Brooks was also both COO and director of technology of RUCDR Infinite Biologics. At RUCDR, he developed a saliva-spit test for COVID-19 as an alternative to naso- or oropharyngeal swab tests which both increased speed of results and minimized the need for medical professionals to be involved in the testing process.[12] He used the capabilities built up to perform genetic tests through saliva and adapted the same techniques to extract the necessary RNA from the virus.[3] The test received emergency use authorization from the FDA in April 2020,[13][14] making it the first at-home test to be approved by federal authorities.[15][16] In addition to designing the saliva test he commercialized the test and scaled production operations to meet the rollout demands.[3] More than 4 million people have used the test.[4]

He co-authored over 70 publications, with over 1000 citations in literature.[11] In addition to his work on COVID-19, his research included investigations of the molecular mechanisms that underlie memories and learning, which involved studies on gene-environment interaction, including those in neurodegenerative diseases; as well as high throughput sample analysis[17] and biobanking.[1]

Personal life[edit source | edit]

Brooks was married to Jill Brooks. The couple had three daughters.[1][18] He was a golf enthusiast, playing often with his father and participating successfully in international tournaments as an amateur.[1]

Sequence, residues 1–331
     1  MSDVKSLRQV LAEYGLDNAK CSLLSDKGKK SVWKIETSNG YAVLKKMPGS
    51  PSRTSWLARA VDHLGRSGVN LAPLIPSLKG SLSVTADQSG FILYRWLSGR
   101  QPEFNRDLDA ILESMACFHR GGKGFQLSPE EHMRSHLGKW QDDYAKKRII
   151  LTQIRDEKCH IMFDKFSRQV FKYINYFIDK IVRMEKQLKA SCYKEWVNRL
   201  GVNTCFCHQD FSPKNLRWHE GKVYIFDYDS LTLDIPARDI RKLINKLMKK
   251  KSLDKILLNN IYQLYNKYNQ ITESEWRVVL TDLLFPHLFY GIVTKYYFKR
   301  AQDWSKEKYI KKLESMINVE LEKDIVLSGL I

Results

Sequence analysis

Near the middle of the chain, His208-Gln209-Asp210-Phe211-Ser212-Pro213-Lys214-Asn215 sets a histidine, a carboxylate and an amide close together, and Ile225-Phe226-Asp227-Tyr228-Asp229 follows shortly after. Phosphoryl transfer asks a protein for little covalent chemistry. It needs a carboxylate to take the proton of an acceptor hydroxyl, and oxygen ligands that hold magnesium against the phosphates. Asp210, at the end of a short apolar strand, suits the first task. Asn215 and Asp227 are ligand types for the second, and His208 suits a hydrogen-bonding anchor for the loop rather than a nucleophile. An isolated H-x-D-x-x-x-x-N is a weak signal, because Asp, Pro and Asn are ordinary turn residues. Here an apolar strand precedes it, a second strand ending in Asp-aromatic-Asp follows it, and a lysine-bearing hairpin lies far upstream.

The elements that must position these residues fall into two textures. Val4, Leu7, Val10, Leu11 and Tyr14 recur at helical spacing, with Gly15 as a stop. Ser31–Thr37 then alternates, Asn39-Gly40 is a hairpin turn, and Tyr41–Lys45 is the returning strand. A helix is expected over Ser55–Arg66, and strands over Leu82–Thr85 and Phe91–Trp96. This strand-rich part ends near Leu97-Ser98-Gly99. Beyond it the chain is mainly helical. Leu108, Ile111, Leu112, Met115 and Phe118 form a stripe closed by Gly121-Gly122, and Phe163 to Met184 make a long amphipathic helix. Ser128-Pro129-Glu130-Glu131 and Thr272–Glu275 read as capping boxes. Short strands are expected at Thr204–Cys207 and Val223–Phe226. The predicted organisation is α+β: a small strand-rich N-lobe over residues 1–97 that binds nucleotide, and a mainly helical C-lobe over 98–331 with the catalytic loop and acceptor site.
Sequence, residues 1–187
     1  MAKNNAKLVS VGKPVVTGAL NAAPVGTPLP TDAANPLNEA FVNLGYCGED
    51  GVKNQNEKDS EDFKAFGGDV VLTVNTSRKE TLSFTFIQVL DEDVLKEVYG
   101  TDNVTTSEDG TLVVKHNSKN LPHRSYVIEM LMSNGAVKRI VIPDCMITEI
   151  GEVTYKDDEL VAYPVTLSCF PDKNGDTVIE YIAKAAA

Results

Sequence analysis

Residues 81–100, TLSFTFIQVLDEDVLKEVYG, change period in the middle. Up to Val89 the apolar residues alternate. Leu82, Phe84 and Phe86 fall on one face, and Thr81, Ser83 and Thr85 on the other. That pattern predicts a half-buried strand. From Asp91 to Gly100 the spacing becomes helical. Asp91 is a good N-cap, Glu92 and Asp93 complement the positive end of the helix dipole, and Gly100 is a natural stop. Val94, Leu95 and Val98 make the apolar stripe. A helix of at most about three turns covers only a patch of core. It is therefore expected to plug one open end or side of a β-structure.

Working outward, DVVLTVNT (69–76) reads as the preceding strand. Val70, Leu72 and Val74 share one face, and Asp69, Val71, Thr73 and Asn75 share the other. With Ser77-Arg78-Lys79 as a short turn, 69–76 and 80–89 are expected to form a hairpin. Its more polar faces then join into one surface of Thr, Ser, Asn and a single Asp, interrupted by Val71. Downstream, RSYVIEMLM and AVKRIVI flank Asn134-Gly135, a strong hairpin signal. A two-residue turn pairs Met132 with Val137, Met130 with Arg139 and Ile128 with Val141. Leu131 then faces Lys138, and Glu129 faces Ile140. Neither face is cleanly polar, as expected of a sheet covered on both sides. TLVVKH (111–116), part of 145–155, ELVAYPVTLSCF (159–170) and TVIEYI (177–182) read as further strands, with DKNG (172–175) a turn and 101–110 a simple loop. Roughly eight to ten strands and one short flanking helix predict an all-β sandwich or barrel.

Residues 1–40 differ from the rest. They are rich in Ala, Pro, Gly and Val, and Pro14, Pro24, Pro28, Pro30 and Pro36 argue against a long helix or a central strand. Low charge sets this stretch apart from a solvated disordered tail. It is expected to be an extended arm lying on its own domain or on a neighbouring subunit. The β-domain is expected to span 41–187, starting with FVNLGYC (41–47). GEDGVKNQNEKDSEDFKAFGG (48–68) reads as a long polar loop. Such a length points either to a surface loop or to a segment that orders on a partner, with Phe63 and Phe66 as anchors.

Brooks died of a heart attack on January 23, 2021.[19] New Jersey Governor Phil Murphy lauded him as an "unsung hero".[20]

Published works[edit source | edit]

  • Wagner, Victoria E.; Bushnell, Daniel; Passador, Luciano; Brooks, Andrew I.; Iglewski, Barbara H. (April 1, 2003). "Microarray Analysis of Pseudomonas aeruginosa Quorum-Sensing Regulons: Effects of Growth Phase and Environment". Journal of Bacteriology. 185 (7): 2080–2095. doi:10.1128/JB.185.7.2080-2095.2003. ISSN 0021-9193. PMC 151498. PMID 12644477.
  • Welle, Stephen; Brooks, Andrew I.; Delehanty, Joseph M.; Needler, Nancy; Thornton, Charles A. (July 7, 2003). "Gene expression profile of aging in human muscle". Physiological Genomics. 14 (2): 149–159. doi:10.1152/physiolgenomics.00049.2003. ISSN 1094-8341. PMID 12783983.
  • Yao, Pamela J; Zhu, Min; Pyun, Eunice I; Brooks, Andrew I; Therianos, Stavros; Meyers, Victoria E; Coleman, Paul D (March 1, 2003). "Defects in expression of genes related to synaptic vesicle trafficking in frontal cortex of Alzheimer's disease". Neurobiology of Disease. 12 (2): 97–109. doi:10.1016/S0969-9961(02)00009-8. ISSN 0969-9961. PMID 12667465. S2CID 13102389.

References[edit source | edit]